Czech court rules against tax on EU carbon permits

Published 14:23 on July 14, 2015  /  Last updated at 14:23 on July 14, 2015  /  EMEA, EU ETS  /  No Comments

A Czech court struck down a tax imposed on utilities on their freely allocated EU Allowances over 2011-12, a ruling that paves the way for utilities to recoup as much as 7.4 billion koruna (€273 million) from the government.

A Czech court struck down a tax imposed on utilities on their freely allocated EU Allowances over 2011-12, a ruling that paves the way for utilities to recoup as much as 7.4 billion koruna (€273 million) from the government.

The July 9 decision, which was published on the Czech Supreme Administrative Court website, follows a February ruling in the EU’s highest court that the tax breached EU law.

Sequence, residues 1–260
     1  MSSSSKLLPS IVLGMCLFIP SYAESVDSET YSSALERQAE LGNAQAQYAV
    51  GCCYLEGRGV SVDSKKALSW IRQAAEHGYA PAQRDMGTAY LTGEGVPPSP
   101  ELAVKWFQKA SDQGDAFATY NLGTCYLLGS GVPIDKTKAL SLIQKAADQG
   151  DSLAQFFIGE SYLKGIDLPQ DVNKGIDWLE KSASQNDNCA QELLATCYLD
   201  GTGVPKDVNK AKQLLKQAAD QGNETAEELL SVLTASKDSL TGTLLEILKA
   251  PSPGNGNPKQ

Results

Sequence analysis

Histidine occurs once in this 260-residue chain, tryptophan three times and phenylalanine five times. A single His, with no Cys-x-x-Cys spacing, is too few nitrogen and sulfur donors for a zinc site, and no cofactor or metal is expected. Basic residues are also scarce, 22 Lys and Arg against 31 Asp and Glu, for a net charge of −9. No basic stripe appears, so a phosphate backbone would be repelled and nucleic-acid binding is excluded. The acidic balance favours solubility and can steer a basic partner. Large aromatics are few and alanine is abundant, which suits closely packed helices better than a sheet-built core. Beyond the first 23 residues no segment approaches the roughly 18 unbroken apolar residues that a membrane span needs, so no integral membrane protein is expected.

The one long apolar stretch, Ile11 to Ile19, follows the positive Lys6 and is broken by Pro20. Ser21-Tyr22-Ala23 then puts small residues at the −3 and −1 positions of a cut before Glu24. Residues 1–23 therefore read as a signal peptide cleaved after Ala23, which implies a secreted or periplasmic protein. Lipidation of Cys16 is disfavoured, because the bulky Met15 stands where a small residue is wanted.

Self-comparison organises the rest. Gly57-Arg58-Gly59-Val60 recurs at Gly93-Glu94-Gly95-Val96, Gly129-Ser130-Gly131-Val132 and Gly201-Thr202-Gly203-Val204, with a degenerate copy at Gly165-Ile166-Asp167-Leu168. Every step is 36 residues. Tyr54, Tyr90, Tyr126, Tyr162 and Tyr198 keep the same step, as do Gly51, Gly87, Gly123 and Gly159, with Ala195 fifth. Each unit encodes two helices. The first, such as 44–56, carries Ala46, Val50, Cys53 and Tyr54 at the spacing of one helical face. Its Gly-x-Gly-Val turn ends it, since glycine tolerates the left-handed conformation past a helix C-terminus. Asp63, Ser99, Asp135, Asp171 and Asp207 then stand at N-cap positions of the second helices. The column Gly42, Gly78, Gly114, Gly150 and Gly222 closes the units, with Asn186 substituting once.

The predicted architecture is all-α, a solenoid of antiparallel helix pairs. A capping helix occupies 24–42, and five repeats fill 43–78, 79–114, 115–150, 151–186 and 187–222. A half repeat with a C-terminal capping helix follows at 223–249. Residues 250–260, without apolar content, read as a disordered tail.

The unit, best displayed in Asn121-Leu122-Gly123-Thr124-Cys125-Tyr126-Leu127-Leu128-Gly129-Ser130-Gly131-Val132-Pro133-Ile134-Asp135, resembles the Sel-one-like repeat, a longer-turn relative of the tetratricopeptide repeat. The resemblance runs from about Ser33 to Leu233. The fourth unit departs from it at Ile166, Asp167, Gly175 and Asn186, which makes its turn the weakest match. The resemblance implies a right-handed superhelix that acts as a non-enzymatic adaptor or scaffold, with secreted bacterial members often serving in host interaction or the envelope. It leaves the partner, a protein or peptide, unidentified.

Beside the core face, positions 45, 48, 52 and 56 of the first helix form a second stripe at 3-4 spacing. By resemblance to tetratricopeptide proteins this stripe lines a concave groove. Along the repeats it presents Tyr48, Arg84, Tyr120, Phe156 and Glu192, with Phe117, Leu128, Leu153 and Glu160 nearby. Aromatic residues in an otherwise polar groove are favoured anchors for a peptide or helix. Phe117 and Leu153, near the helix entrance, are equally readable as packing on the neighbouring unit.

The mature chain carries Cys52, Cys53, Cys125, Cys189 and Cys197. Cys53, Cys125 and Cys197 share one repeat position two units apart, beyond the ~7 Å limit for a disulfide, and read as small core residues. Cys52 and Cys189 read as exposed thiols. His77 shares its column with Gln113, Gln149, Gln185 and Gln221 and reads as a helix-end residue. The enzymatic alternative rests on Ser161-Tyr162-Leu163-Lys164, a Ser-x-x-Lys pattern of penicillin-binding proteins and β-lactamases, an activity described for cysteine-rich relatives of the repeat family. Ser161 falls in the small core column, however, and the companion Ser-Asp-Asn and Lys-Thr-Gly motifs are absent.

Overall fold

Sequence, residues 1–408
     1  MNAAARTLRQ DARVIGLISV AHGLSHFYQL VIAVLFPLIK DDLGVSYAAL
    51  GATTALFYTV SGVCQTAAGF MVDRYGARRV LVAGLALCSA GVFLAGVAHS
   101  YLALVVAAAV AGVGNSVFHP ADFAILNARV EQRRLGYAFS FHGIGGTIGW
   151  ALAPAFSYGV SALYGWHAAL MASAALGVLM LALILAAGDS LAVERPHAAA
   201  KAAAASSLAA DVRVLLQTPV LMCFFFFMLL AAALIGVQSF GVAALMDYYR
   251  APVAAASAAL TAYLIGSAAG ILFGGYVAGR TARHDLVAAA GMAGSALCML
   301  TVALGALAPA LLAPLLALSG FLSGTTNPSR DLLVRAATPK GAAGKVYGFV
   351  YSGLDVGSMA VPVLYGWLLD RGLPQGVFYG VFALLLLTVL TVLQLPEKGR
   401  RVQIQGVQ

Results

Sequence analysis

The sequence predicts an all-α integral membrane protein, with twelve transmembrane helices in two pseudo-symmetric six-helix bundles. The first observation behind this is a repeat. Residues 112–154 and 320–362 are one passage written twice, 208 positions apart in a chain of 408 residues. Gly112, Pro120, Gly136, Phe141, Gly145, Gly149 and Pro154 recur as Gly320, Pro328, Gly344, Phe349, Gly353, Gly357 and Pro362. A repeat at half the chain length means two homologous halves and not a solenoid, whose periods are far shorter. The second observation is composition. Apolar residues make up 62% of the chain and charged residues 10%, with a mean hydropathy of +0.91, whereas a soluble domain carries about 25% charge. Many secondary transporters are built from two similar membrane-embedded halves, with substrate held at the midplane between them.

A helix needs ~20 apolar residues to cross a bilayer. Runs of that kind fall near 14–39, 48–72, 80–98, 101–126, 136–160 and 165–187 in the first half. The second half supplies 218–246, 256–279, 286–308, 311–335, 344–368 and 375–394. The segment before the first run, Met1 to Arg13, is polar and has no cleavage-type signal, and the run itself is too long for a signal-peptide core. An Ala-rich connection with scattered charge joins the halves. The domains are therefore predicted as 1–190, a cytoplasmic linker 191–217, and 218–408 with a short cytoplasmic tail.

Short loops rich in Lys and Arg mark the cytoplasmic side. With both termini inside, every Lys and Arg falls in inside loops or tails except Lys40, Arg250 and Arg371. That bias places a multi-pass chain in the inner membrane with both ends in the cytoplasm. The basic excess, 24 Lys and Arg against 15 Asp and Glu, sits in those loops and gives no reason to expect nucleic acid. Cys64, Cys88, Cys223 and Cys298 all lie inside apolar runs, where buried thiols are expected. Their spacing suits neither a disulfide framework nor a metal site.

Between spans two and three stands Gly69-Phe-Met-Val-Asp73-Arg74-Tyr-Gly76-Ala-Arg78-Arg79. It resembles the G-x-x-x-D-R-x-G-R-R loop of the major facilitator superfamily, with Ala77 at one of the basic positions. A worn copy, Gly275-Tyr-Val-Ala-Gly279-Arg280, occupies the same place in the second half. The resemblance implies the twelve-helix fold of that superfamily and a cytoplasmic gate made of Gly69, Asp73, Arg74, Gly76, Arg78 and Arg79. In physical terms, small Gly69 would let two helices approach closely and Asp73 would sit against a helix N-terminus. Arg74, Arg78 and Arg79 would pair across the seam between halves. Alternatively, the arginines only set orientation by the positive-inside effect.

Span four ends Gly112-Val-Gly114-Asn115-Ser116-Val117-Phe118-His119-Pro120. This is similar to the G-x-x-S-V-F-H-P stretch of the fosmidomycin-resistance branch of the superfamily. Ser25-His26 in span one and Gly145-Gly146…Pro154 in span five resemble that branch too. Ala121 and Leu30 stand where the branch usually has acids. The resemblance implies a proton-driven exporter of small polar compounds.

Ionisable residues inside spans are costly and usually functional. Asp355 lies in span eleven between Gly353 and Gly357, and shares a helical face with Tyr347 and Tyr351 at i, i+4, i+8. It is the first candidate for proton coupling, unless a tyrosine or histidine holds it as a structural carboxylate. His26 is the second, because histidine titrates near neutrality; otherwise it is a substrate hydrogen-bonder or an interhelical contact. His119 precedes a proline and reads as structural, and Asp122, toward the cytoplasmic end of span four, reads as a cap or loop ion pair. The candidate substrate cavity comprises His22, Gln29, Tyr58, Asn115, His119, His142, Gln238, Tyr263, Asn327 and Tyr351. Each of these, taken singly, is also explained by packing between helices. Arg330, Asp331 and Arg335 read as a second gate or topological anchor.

Czech utility Sko-Energo filed the initial complaint, with majority state-owned CEZ joining the suit and demanding the return of 5.3 billion koruna in taxes it had paid.

The Czech Republic levied a 32% ‘gift’ tax on the freely allocated units during the final two years of the EU ETS’ second phase (2008-2012), which were worth around €11 each at the time, to help fund solar power subsidies.

But the EU court ruled that this breached the ETS Directive, which said governments could only sell as much as 10% of their allotted allowances over Phase 2.

Under the third ETS phase (2013-2020), EU utilities are required to pay for all of their required units, although several eastern member states including the Czech Republic can take advantage of a derogation provision to hand out some for free if they prove they are upgrading power sector infrastructure.

The Czech government has recently applied for more than 20 million free EUAs for its utilities for 2015 after having shown the required investments had been undertaken, according to news agency ICIS.

By Ben Garside – ben@carbon-pulse.com

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